Where to Find the Best Mojitos in Havana
When bartenders from the United States migrated to Cuba seeking jobs during the Prohibition era they brought cocktail culture along with their shakers.
In Havana, at established watering holes like El Floridita—where expatriates like Ernest Hemingway would seek respite from the city’s sultry heat—they found expert cantineros who were already mixing local rum with fresh fruit juices. As the 1930s gave way to the war years and then the 1950s, a distinctive Cuban rum highball-on-ice canon developed and solidified.
Of the resulting daiquiri-Cuba Libre-mojito triumvirate, the mojito stands above the others as the quintessential Cuban cocktail. Unlike the others, its honest mélange has remained untainted by bottled mixes, Coca Cola, or Spring Break excess.
The traditional mojito consists of five ingredients: white rum (in Cuba it’s Havana Club), cane sugar, fresh-squeezed lime juice, sparkling water, and muddled mint.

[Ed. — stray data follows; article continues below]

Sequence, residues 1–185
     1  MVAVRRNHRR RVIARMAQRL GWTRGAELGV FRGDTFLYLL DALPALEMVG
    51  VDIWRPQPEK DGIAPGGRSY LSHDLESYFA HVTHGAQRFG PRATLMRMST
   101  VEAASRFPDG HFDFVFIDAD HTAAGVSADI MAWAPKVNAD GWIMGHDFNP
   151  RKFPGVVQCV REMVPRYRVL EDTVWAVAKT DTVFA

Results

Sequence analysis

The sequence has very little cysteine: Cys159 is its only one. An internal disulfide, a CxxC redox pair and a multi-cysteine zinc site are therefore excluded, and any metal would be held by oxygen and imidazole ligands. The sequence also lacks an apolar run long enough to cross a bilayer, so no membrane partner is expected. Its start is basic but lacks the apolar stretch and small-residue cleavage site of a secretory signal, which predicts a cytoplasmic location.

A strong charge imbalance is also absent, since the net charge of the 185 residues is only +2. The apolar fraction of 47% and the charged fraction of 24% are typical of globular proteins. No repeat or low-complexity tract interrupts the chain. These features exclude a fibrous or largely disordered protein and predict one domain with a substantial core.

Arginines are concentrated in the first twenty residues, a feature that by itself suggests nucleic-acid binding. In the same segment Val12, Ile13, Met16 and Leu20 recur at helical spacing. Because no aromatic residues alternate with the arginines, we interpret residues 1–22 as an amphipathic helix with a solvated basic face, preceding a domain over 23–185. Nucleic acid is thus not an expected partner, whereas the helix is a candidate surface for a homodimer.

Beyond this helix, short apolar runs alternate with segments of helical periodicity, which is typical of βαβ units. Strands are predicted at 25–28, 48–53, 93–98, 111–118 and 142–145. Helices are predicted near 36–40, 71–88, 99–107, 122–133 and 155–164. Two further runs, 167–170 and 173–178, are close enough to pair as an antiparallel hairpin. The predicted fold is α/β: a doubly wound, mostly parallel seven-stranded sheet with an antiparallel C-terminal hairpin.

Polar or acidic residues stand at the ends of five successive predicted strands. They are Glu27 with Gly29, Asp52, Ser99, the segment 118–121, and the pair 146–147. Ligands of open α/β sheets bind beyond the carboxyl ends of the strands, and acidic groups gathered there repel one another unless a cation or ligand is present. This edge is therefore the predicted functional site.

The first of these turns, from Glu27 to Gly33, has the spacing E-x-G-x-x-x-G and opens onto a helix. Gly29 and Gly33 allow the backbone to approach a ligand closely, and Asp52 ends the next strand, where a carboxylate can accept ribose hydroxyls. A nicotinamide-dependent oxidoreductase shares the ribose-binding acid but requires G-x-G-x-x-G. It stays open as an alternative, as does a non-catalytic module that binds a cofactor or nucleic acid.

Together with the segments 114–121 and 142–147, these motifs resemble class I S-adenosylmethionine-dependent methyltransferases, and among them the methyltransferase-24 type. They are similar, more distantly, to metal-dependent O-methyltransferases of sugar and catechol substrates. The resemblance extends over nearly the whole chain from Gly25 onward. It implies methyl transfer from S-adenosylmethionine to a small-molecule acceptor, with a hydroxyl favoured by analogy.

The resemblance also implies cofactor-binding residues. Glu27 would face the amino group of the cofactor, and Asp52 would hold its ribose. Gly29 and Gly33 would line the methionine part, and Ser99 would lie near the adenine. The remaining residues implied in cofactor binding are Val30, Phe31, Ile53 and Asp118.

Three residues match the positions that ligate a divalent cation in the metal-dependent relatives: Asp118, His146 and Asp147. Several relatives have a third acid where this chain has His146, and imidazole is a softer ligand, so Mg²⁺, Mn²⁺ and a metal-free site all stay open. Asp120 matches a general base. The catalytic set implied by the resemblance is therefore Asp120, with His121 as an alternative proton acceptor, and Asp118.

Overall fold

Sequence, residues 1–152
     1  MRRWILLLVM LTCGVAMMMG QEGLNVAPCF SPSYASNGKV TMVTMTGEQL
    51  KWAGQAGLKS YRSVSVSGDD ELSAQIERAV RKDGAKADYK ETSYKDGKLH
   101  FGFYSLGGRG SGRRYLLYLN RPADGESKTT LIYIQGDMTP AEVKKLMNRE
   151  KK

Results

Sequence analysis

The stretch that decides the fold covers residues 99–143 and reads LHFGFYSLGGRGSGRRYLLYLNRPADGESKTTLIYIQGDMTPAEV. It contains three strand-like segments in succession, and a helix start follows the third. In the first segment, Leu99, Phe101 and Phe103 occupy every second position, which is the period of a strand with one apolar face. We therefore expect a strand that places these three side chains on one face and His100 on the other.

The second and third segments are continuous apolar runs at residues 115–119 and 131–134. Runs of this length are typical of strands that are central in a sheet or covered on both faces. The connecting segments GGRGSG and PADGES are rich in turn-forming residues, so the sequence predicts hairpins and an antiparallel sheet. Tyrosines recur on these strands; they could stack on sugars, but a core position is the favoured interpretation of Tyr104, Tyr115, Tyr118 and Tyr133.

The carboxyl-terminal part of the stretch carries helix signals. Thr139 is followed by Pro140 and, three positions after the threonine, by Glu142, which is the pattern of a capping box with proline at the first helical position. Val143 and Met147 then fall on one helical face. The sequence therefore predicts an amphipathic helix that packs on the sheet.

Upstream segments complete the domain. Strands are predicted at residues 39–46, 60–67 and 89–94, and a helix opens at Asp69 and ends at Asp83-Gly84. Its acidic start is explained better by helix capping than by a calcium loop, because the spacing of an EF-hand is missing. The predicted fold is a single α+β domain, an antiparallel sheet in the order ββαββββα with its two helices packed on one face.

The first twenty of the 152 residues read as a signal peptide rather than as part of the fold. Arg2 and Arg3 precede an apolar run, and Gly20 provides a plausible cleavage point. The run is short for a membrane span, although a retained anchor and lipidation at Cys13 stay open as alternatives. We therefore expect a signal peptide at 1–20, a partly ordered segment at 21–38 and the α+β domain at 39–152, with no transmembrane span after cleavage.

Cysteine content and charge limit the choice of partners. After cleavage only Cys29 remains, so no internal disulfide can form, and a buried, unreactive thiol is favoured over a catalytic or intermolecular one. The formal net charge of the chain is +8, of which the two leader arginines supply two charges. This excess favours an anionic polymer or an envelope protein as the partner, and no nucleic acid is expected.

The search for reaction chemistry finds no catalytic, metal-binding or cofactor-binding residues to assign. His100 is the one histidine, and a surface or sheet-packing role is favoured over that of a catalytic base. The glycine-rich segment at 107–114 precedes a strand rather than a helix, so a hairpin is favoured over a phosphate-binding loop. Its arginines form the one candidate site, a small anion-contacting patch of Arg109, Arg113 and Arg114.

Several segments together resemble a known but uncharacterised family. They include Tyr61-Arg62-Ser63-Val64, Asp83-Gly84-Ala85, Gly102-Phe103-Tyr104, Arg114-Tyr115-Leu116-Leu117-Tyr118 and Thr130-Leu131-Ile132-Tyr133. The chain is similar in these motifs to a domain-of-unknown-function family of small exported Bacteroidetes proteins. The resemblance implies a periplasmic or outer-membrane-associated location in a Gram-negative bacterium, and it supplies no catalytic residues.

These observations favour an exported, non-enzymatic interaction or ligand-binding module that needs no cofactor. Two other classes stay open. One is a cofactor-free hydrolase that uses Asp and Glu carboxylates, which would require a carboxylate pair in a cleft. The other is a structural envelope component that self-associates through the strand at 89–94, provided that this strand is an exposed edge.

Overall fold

Yet it took a trip to Havana and a tour of mojito hot spots to understand how this simple mixture can express so much more than the sum of its parts.
Here are five ways to savor Cuba’s signature cocktail:
Hemingway is said to have declared that he liked his daiquiris at El Floridita and his mojitos at La Bodeguita del Medio. And in Havana, there’s no arguing with the ghost of Papa. Especially if you ask the hundreds of mojito-swilling tourists who jam up the tiny street in front of the bar during daylight hours.
So I went at night, instead. In the dusky shadows of La Habana Vieja, the city’s old town, you almost feel like Hemingway is alive. Perhaps he’d still feel at home at the storefront bar, like I did.
The wooden bar? Timeworn and branded (Read more...)